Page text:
Shepherds have a particular place in the history and culture of Romania. For centuries they have had rights to graze their sheep in public pastures and manage their flocks using traditional methods. Changes at the national and European level have threatened this way of life and provoked protest, most recently in December 2015 over plans to limit sheepdog numbers and restrict winter grazing rights. This article draws on interviews with participating and non-participating shepherds to examine the motivations behind the protest action and its relation to their position in contemporary society. The findings suggest how marginalised groups in society are able to draw on folk histories and cultural identities in the formulation of contentious politics in defence of their interests. The post-communist setting of the protests also highlights the persistence of traditional practices during a period of social and political upheaval.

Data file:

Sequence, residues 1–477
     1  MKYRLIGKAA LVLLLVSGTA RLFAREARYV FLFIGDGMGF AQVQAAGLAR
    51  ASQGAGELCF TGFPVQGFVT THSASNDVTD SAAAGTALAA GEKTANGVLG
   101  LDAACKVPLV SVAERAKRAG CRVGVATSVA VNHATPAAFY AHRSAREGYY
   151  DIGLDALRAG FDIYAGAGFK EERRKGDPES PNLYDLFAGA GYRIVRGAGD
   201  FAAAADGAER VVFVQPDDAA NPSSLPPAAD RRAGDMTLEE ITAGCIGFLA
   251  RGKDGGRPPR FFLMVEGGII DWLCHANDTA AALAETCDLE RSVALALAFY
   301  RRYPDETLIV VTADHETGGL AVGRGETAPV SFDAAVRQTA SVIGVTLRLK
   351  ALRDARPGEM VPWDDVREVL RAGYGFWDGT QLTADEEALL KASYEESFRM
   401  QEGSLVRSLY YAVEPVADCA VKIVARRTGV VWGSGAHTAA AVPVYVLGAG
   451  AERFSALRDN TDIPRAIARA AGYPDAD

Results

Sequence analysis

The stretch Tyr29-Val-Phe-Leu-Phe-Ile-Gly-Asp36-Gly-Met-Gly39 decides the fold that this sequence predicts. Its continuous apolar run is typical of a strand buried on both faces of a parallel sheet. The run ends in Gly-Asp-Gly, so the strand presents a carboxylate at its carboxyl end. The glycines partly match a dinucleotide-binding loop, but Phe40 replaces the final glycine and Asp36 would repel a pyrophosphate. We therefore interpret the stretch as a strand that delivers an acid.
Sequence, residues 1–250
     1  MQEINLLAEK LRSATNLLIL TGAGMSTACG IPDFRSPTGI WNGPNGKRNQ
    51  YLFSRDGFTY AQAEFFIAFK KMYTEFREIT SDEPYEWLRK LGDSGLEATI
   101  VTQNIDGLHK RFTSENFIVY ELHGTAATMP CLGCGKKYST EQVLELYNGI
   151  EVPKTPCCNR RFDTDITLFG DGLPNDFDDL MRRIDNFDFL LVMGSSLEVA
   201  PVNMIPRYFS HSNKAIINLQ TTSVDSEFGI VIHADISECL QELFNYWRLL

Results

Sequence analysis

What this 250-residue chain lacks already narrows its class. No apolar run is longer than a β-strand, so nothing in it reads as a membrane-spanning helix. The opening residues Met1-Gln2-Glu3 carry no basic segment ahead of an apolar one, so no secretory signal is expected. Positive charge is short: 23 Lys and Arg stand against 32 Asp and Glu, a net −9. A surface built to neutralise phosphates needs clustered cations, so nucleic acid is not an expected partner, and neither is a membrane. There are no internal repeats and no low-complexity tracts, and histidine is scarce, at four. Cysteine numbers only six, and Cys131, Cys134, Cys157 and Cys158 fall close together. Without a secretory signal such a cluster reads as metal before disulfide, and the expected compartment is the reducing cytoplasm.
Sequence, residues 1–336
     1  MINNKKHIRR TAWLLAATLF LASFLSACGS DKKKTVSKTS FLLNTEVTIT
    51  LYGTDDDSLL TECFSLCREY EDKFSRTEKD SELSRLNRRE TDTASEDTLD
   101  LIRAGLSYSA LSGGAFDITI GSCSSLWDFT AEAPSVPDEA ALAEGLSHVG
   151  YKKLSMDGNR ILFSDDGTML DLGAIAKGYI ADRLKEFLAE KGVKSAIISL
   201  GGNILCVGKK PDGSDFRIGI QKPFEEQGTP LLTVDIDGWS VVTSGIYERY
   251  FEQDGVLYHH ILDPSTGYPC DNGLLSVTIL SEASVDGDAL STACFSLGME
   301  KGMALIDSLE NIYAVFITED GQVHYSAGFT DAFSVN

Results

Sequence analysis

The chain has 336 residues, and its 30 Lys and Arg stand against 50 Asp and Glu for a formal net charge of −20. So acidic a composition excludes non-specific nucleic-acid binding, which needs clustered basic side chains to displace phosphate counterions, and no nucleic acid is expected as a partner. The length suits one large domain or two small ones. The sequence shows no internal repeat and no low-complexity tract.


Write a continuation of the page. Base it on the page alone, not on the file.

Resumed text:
|Number of pages||19|
|Journal||Identities-Global studies in culture and power|
|Early online date||31 Jan 2018|
|Publication status||Published - 27 Jun 2019|
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